This page appears to be attempting to sum up SelectDistinctIsaCodeSmell
(which is too long for a casual read), but it's not a complete summary. Let's try to make a complete but ultra-terse list; correct me if I'm wrong:
- DuplicatesAreBad; exceptions to this are either zero or vanishingly small.
- Aggregation operators and GROUP BY are both okey-dokey; no duplicates result.
- Primary keys must be distinct (otherwise you've got even bigger troubles); but projection and potentially even careful joins on non-normalized databases can still create duplicate results. [This is redundant; keys are by definition distinct.]
- ThirdNormalForm is a GoodThing, but projection with an improper join can still produce duplicates. Annoyingly, projection in SQL can produce duplicates, even from a beautifully normalized base schema. Hence the need for the DISTINCT qualifier.
- Distinct primary keys, ThirdNormalForm, proper joins, and careful projection will avoid duplicates, but the potential for error is undeniable, therefore use SELECT DISTINCT anyway
- Complaint: but that may introduce unnecessary overhead - maybe a huge one for some queries on some tables, which is avoidable since I'm sure I did my joins properly. Answer: that's still better than taking the chance on having an undetected error in the wild due to unexpected, possibly rare, duplicates.
- Most of the SELECT DISTINCT queries will perform exactly as fast as their simple SELECT counterparts, because the optimizer will do away with the step necessary for eliminating duplicates. Very few queries may perform faster in SELECT DISTINCT mode, and very few will perform slower (but not significantly slower) in SELECT DISTINCT mode but for the later case it is likely that the application may need to examine the duplicate cases, which shifts the performance and complexity burden to the application.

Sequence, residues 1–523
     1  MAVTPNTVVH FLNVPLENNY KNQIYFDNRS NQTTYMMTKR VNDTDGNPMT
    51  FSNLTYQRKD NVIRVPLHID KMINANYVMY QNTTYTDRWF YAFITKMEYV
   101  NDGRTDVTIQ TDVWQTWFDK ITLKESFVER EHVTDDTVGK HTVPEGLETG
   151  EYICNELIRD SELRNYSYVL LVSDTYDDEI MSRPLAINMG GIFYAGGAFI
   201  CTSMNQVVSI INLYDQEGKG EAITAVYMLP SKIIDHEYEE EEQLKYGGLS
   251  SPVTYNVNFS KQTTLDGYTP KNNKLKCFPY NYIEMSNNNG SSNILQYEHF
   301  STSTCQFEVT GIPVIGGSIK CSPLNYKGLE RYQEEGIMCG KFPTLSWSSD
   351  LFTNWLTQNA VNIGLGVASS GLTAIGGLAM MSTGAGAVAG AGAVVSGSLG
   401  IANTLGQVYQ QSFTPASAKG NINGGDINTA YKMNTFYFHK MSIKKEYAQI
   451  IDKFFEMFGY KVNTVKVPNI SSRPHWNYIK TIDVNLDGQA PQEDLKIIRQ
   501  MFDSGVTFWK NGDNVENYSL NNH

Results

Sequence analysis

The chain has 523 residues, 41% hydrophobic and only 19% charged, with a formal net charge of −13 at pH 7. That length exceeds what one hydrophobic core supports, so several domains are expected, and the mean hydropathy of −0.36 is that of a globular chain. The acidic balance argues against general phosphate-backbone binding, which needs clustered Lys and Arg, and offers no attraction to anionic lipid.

- That's an impossibly exaggerated claim. Eliminating duplicates requires tracking them, either by having an existing index (which won't always exist), or by building an on the fly index or hash or something. Building such a thing will necessarily incur overhead compared with not needing to build it. Clearly there are many kinds of queries that, without DISTINCT, can be satisfied e.g. by a simple traversal of all rows, without bothering to track things with an index/hash.
- Well, let's consider it for a brief moment. 100% of the tables should have primary keys, as well as other secondary keys. Great chances are that the query will include material from those. Voila, a great deal of queries will have duplicates eliminated without anybody doing a bit of effort. A great deal of other queries semantically require duplicates elimination. Yet there's another category whereas eliminating duplicate can improve performance by reducing the volume of data to be marshalled in a client/server call. The major case in which SELECT DISTINCT is a serious performance penalty is when the volume of data to be sorted is exceedingly large (for example TEMP disk storage area may be used). But a quasi majority of queries in an OLTP environment will retrieve small amounts of data. Users are not particularly interested, nor should they be subjected to, reading huge tables massaging 1000s of rows result sets - making it worse, some of which may be duplicates and unsorted (if you present them sorted SELECT DISTINCT is no performance at all). Well, at least if you don't use some particularly nasty components (datgrid, etc.) that retrieve huge amount of data on auto-pilot. A more careful analysis may come up with some exceptions, but I do not see at all from my experience and myu knowledge of both database internals and application development, a prima facie case that using SELECT DISTINCT is gonna have a significant performance penalty.